US7531140B2 - Multiwell plate having transparent well bottoms and method for making the mulitiwell plate - Google Patents

Multiwell plate having transparent well bottoms and method for making the mulitiwell plate Download PDF

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US7531140B2
US7531140B2 US11448368 US44836806A US7531140B2 US 7531140 B2 US7531140 B2 US 7531140B2 US 11448368 US11448368 US 11448368 US 44836806 A US44836806 A US 44836806A US 7531140 B2 US7531140 B2 US 7531140B2
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plate
multiwell
wells
bottom
well
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US20070154357A1 (en )
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Paul M. Szlosek
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Corning Inc
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Corning Inc
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    • BPERFORMING OPERATIONS; TRANSPORTING
    • B01PHYSICAL OR CHEMICAL PROCESSES OR APPARATUS IN GENERAL
    • B01LCHEMICAL OR PHYSICAL LABORATORY APPARATUS FOR GENERAL USE
    • B01L3/00Containers or dishes for laboratory use, e.g. laboratory glassware; Droppers
    • B01L3/50Containers for the purpose of retaining a material to be analysed, e.g. test tubes
    • B01L3/508Containers for the purpose of retaining a material to be analysed, e.g. test tubes rigid containers not provided for above
    • B01L3/5085Containers for the purpose of retaining a material to be analysed, e.g. test tubes rigid containers not provided for above for multiple samples, e.g. microtitration plates
    • BPERFORMING OPERATIONS; TRANSPORTING
    • B29WORKING OF PLASTICS; WORKING OF SUBSTANCES IN A PLASTIC STATE, IN GENERAL
    • B29CSHAPING OR JOINING OF PLASTICS; SHAPING OF MATERIAL IN A PLASTIC STATE, NOT OTHERWISE PROVIDED FOR; AFTER-TREATMENT OF THE SHAPED PRODUCTS, e.g. REPAIRING
    • B29C65/00Joining or sealing of preformed parts, e.g. welding of plastics materials; Apparatus therefor
    • B29C65/48Joining or sealing of preformed parts, e.g. welding of plastics materials; Apparatus therefor using adhesives, i.e. using supplementary joining material; solvent bonding
    • BPERFORMING OPERATIONS; TRANSPORTING
    • B29WORKING OF PLASTICS; WORKING OF SUBSTANCES IN A PLASTIC STATE, IN GENERAL
    • B29CSHAPING OR JOINING OF PLASTICS; SHAPING OF MATERIAL IN A PLASTIC STATE, NOT OTHERWISE PROVIDED FOR; AFTER-TREATMENT OF THE SHAPED PRODUCTS, e.g. REPAIRING
    • B29C66/00General aspects of processes or apparatus for joining preformed parts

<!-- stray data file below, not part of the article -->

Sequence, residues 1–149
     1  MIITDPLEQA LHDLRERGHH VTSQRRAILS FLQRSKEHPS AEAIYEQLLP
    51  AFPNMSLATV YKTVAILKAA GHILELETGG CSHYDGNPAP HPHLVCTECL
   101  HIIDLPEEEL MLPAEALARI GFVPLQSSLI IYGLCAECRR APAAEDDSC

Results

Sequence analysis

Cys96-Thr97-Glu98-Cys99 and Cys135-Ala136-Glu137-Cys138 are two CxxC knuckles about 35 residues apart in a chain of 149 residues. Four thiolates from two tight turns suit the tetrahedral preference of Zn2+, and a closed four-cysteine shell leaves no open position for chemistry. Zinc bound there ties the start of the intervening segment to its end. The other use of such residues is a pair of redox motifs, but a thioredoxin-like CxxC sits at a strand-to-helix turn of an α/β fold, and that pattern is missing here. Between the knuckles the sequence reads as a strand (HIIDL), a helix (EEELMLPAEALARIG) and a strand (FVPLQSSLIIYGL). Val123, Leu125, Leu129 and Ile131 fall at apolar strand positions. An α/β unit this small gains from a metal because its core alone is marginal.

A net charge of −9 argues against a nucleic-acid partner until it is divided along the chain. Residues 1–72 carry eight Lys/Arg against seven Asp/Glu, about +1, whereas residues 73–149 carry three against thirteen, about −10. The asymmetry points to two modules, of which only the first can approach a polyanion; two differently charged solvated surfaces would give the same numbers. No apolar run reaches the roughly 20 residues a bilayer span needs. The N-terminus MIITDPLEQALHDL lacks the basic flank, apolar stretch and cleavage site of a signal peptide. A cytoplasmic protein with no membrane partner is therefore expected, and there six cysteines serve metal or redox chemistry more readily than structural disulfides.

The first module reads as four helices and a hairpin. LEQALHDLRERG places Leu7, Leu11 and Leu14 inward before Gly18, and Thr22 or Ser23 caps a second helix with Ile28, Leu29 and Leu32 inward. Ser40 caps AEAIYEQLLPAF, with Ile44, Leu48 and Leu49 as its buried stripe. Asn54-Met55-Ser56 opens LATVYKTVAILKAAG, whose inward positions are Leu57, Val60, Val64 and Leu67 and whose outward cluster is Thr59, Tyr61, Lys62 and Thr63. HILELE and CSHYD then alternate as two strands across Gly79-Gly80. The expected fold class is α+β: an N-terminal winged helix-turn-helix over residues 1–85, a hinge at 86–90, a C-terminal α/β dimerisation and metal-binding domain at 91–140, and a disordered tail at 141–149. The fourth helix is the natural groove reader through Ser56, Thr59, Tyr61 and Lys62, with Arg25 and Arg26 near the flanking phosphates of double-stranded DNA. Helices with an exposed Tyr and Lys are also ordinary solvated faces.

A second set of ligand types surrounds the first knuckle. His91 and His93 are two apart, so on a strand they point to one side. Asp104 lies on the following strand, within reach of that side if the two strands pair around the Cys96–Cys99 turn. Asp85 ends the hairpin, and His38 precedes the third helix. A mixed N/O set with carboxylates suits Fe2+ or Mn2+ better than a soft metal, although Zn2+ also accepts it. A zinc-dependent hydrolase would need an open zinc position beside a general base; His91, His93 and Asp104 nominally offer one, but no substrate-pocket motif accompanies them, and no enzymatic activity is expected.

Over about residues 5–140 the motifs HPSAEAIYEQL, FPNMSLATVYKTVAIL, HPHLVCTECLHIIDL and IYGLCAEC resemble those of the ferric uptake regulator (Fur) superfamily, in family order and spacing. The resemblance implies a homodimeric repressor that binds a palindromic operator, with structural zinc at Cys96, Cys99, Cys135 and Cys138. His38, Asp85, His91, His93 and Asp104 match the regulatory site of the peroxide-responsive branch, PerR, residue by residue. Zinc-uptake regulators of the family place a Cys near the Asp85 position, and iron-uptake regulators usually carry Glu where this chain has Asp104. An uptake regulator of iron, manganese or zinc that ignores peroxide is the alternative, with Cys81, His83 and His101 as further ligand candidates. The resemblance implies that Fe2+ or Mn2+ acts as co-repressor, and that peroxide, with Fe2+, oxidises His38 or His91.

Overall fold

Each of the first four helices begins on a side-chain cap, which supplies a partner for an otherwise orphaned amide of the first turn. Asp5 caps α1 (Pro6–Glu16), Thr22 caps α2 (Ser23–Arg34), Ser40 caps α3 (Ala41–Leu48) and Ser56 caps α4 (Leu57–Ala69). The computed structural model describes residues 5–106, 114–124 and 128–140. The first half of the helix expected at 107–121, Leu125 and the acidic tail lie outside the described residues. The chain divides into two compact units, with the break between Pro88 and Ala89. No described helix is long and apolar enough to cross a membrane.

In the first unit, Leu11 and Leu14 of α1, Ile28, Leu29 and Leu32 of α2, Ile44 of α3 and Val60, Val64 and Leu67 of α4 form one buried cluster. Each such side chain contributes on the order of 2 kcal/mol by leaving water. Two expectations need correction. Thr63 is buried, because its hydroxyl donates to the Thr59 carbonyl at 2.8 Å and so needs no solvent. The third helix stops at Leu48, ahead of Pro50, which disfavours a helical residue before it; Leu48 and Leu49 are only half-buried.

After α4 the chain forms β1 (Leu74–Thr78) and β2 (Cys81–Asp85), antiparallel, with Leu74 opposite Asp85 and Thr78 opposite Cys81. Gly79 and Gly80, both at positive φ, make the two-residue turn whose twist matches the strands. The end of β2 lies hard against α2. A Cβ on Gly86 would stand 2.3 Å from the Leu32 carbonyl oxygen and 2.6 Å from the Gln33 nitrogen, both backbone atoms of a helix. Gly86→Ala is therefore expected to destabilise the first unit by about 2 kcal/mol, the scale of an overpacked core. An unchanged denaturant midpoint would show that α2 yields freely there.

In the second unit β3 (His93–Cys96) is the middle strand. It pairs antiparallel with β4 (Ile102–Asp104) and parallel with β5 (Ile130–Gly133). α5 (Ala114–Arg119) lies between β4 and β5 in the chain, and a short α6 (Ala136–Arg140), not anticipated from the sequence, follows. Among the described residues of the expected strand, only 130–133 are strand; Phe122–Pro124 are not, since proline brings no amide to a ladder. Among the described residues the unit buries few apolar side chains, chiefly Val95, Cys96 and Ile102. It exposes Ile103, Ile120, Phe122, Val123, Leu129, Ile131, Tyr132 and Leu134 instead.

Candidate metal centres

• B29C66/01General aspects dealing with the joint area or with the area to be joined
    • B29C66/05Particular design of joint configurations
    • B29C66/10Particular design of joint configurations particular design of the joint cross-sections
    • B29C66/11Joint cross-sections comprising a single joint-segment, i.e. one of the parts to be joined comprising a single joint-segment in the joint cross-section
    • B29C66/112Single lapped joints
    • BPERFORMING OPERATIONS; TRANSPORTING
    • B29WORKING OF PLASTICS; WORKING OF SUBSTANCES IN A PLASTIC STATE, IN GENERAL
    • B29CSHAPING OR JOINING OF PLASTICS; SHAPING OF MATERIAL IN A PLASTIC STATE, NOT OTHERWISE PROVIDED FOR; AFTER-TREATMENT OF THE SHAPED PRODUCTS, e.g. REPAIRING
    • B29C66/00General aspects of processes or apparatus for joining preformed parts
    • B29C66/01General aspects dealing with the joint area or with the area to be joined
    • B29C66/05Particular design of joint configurations
    • B29C66/10Particular design of joint configurations particular design of the joint cross-sections
    • B29C66/11Joint cross-sections comprising a single joint-segment, i.e. one of the parts to be joined comprising a single joint-segment in the joint cross-section
    • B29C66/114Single butt joints
    • BPERFORMING OPERATIONS; TRANSPORTING
    • B29WORKING OF PLASTICS; WORKING OF SUBSTANCES IN A PLASTIC STATE, IN GENERAL
    • B29CSHAPING OR JOINING OF PLASTICS; SHAPING OF MATERIAL IN A PLASTIC STATE, NOT OTHERWISE PROVIDED FOR; AFTER-TREATMENT OF THE SHAPED PRODUCTS, e.g. REPAIRING
    • B29C66/00General aspects of processes or apparatus for joining preformed parts
    • B29C66/50General aspects of joining tubular articles; General aspects of joining long products, i.e. bars or profiled elements; General aspects of joining single elements to tubular articles, hollow articles or bars; General aspects of joining several hollow-preforms to form hollow or tubular articles